RAZ: Here's how Geoff Rehnert, a former colleague at Bain Capital, describes Romney.
GEOFF REHNERT: He's the most capable person I've known. He is a guy who wakes up at 6 a.m. and goes until midnight and has tremendous energy, tremendous intellect, ability to focus on the detail, ability to go see the big picture. And he's able to work with very bright, very capable people to get them to pull together in the same direction for a common purpose.
RAZ: Helen Sievers feels much the same way. She worked with Romney when he was put in charge of the Boston-area Mormon churches.
HELEN SIEVERS: I thought he was quite innovative in the way he worked with the large group of congregations, because some were quite wealthy and had a lot of talent in them, and some of them had a lot of new converts, and especially low-income people, ethnic groups. And I think he did a really innovative job of figuring out how to distribute talent and leadership and build up the capacities of the weaker congregations.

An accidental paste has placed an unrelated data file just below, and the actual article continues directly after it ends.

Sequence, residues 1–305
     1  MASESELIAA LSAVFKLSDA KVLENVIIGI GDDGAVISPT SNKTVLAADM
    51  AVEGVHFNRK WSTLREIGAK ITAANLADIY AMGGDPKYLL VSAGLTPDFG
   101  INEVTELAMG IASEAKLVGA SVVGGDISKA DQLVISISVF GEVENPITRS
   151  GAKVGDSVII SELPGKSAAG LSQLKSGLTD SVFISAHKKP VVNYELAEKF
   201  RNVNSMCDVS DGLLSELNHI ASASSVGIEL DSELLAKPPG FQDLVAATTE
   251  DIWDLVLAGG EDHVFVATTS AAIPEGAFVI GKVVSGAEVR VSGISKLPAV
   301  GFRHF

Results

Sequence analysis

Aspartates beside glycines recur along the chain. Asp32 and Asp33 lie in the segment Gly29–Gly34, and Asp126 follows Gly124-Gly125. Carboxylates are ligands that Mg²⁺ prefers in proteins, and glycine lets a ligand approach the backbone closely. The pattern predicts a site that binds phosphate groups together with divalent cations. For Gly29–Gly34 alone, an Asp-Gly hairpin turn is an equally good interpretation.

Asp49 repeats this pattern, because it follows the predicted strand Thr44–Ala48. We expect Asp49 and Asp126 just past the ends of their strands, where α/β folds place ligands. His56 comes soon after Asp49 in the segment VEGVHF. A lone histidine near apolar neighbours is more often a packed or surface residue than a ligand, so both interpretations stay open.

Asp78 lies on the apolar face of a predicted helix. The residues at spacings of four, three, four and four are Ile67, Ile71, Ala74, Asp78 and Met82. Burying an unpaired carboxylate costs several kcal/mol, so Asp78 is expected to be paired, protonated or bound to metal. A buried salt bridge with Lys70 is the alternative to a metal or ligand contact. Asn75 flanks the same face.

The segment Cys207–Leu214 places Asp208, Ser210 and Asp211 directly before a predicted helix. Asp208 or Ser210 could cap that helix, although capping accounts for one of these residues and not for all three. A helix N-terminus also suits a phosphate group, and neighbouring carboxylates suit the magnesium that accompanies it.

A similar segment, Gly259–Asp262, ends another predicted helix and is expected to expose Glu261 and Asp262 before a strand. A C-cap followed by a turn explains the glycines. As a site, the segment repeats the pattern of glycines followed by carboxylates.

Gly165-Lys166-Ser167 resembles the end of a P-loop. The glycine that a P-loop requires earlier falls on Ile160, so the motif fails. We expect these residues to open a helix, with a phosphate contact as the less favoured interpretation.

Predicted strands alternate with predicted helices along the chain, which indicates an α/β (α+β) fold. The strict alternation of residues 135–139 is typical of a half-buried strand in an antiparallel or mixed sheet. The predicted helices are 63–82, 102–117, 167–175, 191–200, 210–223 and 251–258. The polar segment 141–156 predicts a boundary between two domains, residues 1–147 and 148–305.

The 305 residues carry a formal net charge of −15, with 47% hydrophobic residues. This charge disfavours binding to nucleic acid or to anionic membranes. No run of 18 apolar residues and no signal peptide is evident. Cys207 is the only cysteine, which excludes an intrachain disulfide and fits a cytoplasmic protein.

RAZ: Helen Sievers, by the way, is not planning to vote for Mitt Romney if he is the nominee. She's a Democrat, but she still respects him as a leader. But even among those who have known Romney, like Geoff Rehnert, very few can say they really know him well.
REHNERT: He's got a lot on his plate. He doesn't have a lot of idle time for hanging out. You know, he's not a guy who lounges around, puts his feet up on the couch and, you know, goes on cruise control while he, you know, sips a beer. The guy is going hard. He's a, you know, when he was at Bain Capital, he was building a great organization that was the leader in its industry even though none of us had been in the industry, so we had to figure it out.